This paper reviews recent research on mortgage default, focusing on the relationship of this research to the recent foreclosure crisis. Research on defaults was advanced both theoretically and empirically by the time the crisis began, but economists have moved the frontier further by improving data sources, building dynamic optimizing models of default, and explicitly addressing reverse causality between rising foreclosures and falling house prices. Mortgage defaults were also a key component of early research that pointed to subprime and other privately securitized mortgages as fundamental drivers of the housing boom, although this research has been criticized recently. Going forward, improvements to data and models will allow researchers to explore the central unsolved question in this area: why mortgage default is so rare, even for households with high levels of negative equity or financial distress.
This paper is a welcome corrective to the assumption that borrowers would “strategically” default on mortgages by showing that defaults were rare even when the home had negative equity, finding that most were “double trigger” defaults, where negative equity was coupled with some other financial distress, such as job loss.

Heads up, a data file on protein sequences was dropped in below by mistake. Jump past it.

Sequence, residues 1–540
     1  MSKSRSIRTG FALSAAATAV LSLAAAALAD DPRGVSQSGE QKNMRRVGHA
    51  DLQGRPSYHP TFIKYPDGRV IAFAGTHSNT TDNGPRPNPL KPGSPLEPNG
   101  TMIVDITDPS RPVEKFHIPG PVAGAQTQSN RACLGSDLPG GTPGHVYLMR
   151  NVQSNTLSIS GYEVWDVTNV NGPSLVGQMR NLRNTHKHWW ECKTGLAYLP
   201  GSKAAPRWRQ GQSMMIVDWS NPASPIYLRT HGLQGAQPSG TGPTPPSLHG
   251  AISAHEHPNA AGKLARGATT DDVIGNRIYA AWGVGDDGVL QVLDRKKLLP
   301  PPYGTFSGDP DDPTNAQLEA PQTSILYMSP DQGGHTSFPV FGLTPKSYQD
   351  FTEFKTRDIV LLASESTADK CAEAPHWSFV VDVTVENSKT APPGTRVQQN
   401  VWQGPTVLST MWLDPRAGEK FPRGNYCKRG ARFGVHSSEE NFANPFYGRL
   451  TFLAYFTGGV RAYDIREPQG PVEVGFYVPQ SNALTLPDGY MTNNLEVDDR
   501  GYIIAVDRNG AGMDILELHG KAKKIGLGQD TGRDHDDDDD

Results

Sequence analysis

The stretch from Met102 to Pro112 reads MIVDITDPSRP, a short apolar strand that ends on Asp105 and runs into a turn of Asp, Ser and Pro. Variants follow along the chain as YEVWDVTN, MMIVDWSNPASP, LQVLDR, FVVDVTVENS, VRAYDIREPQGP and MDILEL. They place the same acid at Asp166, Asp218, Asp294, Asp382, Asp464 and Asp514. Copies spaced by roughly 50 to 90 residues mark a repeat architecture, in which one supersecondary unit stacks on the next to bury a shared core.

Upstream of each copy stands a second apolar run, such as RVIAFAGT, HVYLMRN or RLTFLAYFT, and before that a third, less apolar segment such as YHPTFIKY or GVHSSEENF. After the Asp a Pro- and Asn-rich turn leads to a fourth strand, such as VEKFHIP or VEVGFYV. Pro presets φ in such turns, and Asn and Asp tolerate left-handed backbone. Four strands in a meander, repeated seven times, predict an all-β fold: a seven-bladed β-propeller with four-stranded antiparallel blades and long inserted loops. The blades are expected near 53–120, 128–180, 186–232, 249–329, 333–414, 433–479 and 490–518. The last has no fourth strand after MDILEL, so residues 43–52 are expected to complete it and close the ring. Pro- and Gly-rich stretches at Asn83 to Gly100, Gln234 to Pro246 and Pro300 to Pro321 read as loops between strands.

The article is also very candid regarding how mortgage servicers were loath to grant any principal reductions during the housing crisis, out of a “reputational” fear that more borrowers would expect similar decent and humane treatment. Perhaps if mortgage servicers were themselves subject to the market pressures of homeowner choice, rather than pure fiat from investors, they would be concerned about their reputation as quality servicers.
Lastly, the article completely ignores the option of using bankruptcy to sort the “strategic” defaulters from the truly “honest but unfortunate” debtors, not mentioning it or the judicial mortgage modification proposals at all.